• Mayo Clinic Minute

    Mayo Clinic Minute: Common myths about epilepsy and kids

Epilepsy is one of the more common neurologic disorders in children. About 1 in 26 people have epilepsy, and 1 in 10 people will have at least one seizure in their lifetime.

Dr. Anthony Fine, a pediatric neurologist and epileptologist at Mayo Clinic, says even though it's fairly common in children, there are a few misconceptions when it comes to epilepsy and kids.

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Epilepsy can be a challenge to diagnose in children because not all seizures are the same.

"It's really a common misconception that all seizures are convulsive seizures," says Dr. Fine.

There are other types of seizures, such as absent seizures, where a child may blank out for a few seconds or minutes, and then go back to activity.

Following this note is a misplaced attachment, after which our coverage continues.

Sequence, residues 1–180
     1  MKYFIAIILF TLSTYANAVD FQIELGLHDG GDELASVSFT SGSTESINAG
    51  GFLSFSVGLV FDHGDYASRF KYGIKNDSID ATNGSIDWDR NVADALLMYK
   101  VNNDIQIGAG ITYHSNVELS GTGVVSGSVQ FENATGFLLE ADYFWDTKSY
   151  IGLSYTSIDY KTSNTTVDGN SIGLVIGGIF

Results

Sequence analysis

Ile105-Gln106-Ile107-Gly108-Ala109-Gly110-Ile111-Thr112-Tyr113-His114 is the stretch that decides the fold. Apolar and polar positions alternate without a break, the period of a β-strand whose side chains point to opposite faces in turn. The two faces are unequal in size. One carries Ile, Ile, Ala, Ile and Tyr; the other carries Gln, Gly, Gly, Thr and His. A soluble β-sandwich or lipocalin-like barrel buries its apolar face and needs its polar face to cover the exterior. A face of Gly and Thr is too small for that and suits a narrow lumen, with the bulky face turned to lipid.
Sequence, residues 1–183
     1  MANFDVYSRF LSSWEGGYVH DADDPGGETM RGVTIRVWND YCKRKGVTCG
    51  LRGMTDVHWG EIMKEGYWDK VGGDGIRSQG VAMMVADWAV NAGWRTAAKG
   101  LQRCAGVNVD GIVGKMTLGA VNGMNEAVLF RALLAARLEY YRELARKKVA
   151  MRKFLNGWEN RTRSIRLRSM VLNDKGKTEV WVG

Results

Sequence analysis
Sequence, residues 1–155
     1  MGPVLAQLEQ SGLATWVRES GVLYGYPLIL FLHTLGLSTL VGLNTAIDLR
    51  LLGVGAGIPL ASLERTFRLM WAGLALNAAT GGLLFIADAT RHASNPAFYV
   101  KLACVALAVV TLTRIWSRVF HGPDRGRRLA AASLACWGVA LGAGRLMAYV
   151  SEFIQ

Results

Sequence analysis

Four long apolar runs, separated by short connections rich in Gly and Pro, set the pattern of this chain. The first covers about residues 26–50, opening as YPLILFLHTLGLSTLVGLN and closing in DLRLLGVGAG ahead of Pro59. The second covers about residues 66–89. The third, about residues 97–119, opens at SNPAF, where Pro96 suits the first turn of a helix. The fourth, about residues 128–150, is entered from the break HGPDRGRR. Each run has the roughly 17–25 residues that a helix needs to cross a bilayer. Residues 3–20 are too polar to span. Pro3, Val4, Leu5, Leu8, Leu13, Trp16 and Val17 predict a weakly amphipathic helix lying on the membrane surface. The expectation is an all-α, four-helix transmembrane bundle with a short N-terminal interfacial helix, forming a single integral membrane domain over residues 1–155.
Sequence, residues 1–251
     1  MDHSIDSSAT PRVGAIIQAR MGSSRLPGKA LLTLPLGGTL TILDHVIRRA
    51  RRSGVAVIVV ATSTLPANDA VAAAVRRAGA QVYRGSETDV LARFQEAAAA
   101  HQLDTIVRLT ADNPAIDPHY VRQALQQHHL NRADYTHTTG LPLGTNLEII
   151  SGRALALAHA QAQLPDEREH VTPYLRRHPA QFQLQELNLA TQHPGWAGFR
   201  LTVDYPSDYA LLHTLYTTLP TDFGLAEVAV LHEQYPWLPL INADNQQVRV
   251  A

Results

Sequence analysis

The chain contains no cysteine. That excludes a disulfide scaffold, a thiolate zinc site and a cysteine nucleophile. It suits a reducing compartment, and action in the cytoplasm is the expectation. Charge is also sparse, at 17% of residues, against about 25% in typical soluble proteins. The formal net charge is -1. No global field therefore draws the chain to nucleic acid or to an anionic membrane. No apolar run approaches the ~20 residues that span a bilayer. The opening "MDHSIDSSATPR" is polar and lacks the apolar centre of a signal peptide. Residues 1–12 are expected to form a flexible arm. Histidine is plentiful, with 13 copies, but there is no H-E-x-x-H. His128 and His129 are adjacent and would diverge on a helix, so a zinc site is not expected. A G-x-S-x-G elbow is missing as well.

"I've had some kids where I've seen where, you know, people think they're acting goofy. And this kind of continues, and, eventually, it gets picked up that something is actually going on. And there are other seizures that look like night terrors almost," says Dr. Fine.

He says, for many children, there are treatments to control seizures.

"It's not a one-size-fits-all kind of deal with epilepsy. You really need to tailor it to the patient and their response. But, for the most part, antiseizure medications can be very helpful. And some children can control their seizures completely."

Dr. Fine says a common misconception is that ADHD medications can cause seizures, and children who have epilepsy and ADHD should avoid them.

"It turns out that that's not true. It's really there's just a strong relationship between epilepsy and ADHD. And, so, if you have one, you're more likely to have the other."

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